Moreover, GDELT is 100 percent free, with the entire dataset available for immediate download and a growing ecosystem of tools available to work with it. It uses a fully automated system to monitor the world's news media across every country and compile a daily database not only of what's happening, but, of greatest interest here, of how much media attention it is receiving. Thus, using GDELT's "Material Conflict" category, which encompasses the wide range of conflict activities that nations undergo, one can quite easily compile a massive database of conflict in 2013 and how many articles covered each event. Then we can instantly compare it with 2012's unrest to create a ranking of the biggest trends of 2013.

Of course, the notion of measuring news attention is not new to the field of instability, and there are other rankings that attempt to integrate media volume in some way. What is unique here, however, is the sheer scale and global coverage that GDELT enables. In total, 675 million references to 69 million events were processed to locate all Material Conflict events worldwide in 2012-2013 and recorded by GDELT, scoring each event by the total number of media mentions it received. 

The resulting report is likely the largest event-based annual country ranking ever created, massively dwarfing the mere 3 million events captured by the U.S. Department of Defense's Integrated Crisis Early Warning System (ICEWS)database during this period, despite ICEWS' price tag now exceeding upwards of $50 million.  GDELT's size and scope offer the unique opportunity to essentially passively "crowdsource" the global news media and see what the most newsworthy conflict stories of 2013 were compared with 2012, while its open nature allows others to build on the ranking presented here and create their own rankings and deep-dives of the data.

In summary, to create the map you see here, every Material Conflict event in 2013 was compiled by country and the total volume of news coverage each received was tallied. Countries which had a reduction in the volume of global news coverage of their conflict in 2013 compared with 2012 are colored green, while those with increases are colored in red. Yellow countries are those which did not experience a significant change in volume about their conflict between the two years. 

It is important to note two critical things about this ranking. The first is that it focuses on change in coverage of conflict, not the raw volume of that coverage itself. It is obviously not news that Afghanistan, Iraq, Libya, and Syria are all still undergoing intense conflict -- the policymaking question is whether they are getting any better (at least in the eyes of the news media). Thus, Syria, which ranks No. 2 out of all countries in terms of total raw volume of conflict, actually had the greatest decrease in coverage of that conflict in 2013 (despite a major chemical weapons attack in August 2013) and thus is green in the map above. The second thing to keep in mind is that this ranking combines all forms of conflict, both domestic and foreign. France's significant increase in conflict comes from a combination of domestic strife from increasing immigrant unrest, anti-Semitism, class wars, and societal fractionalization -- but also its foreign military interventions in Africa, from Mali to Central African Republic.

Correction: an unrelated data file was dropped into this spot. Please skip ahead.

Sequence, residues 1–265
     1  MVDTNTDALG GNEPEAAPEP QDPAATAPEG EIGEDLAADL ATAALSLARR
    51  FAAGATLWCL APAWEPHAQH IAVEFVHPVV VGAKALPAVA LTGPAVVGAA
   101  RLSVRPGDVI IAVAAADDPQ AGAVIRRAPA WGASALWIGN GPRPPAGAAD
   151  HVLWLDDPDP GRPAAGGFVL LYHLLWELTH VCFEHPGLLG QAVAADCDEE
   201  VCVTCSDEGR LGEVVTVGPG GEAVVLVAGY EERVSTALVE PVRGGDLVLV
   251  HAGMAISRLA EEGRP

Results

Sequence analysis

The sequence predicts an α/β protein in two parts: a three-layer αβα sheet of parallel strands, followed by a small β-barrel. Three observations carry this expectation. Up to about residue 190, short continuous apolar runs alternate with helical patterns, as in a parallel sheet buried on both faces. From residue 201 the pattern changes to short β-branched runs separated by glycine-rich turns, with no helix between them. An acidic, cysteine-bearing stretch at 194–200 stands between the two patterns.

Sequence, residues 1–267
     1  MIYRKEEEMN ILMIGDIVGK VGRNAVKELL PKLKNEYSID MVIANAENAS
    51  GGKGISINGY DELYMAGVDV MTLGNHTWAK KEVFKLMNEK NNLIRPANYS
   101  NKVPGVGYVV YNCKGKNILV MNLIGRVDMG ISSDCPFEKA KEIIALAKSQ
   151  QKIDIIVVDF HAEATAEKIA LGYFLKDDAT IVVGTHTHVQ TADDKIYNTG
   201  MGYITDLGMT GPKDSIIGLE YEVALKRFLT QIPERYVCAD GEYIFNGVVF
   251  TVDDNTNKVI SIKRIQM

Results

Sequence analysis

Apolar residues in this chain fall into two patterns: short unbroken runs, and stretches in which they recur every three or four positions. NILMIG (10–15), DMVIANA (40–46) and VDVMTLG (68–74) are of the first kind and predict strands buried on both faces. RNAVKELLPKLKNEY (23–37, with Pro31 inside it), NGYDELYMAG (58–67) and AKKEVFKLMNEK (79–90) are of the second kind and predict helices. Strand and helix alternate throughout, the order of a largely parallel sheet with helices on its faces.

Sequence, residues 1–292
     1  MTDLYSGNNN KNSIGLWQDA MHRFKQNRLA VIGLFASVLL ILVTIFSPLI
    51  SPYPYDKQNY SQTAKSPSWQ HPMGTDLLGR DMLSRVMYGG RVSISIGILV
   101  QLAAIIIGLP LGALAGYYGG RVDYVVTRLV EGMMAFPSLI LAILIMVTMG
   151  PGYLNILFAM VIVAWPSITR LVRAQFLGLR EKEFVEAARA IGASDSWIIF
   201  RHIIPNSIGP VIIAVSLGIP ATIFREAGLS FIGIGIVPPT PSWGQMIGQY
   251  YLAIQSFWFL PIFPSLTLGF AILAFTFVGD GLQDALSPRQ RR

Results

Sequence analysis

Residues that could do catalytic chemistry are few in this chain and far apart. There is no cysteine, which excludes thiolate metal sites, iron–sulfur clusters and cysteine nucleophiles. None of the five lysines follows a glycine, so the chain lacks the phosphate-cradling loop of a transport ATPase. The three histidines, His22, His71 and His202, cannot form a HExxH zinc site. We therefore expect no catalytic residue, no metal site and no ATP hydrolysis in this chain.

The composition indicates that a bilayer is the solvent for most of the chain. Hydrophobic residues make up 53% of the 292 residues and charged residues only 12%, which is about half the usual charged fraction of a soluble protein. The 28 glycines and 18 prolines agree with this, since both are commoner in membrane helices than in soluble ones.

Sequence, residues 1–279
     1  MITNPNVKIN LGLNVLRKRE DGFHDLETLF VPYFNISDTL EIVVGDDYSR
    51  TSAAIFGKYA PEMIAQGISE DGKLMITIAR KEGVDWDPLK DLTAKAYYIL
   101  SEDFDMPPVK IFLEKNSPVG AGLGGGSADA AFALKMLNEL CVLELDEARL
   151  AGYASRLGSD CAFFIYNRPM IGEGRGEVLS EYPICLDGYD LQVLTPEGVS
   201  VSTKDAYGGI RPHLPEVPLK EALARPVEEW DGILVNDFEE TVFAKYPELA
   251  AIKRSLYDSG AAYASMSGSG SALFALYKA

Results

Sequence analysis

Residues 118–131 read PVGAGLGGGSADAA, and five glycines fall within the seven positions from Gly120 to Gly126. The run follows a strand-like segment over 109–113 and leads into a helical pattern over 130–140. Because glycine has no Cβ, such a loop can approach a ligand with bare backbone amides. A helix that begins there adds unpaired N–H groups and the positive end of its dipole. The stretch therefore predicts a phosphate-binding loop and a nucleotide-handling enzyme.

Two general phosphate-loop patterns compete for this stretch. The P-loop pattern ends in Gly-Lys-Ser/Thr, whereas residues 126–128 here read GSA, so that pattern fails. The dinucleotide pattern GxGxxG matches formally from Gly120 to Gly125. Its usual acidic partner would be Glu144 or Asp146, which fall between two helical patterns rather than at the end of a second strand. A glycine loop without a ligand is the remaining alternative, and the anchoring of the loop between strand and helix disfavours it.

The top entry on the list, Egypt, will likely surprise few. After 2011's revolution, 2012 was a relatively calm year so to speak, but 2013 saw the country unravel at the seams. India has had a tumultuous year, from sexual violence to protests, while al-Shabab and radicalism continued to take root in Kenya, including the Westgate shopping mall attack. Terrorism is also back in the spotlight in Russia, including links to April's Boston Marathon bombing and a growing domestic danger, while anti-Putin crackdowns, increasing anti-gay and anti-immigrant violence, and a rising neo-Nazi and nationalistic fervor cement it firmly in the top five of 2013.  On the other end of the spectrum, for all of the talk about Iran this past year, in terms of actual material conflict, it had the fifth-greatest shift away from coverage of its unrest, and 2013 was a relatively quiet year for Israel, as well, compared to 2012's military action against Hamas in Gaza.

Of course, the best part is being able to dive in yourself, so without further ado, download the complete 172-page report and take a look at the countries you are most interested in or check out how they compare in the master ranking table at the end of the report. Take a look through what a big data view of 675 million mentions of conflict tell us about how the world is changing. When you're done, sign up for the new GDELT Daily Trends Report email and get a miniature version of this delivered to your inbox each morning. Big data is giving us our first glimpse of a world in which we can map the Earth's riots as well as we can its earthquakes and hurricanes -- and all from just reading the news a little more carefully.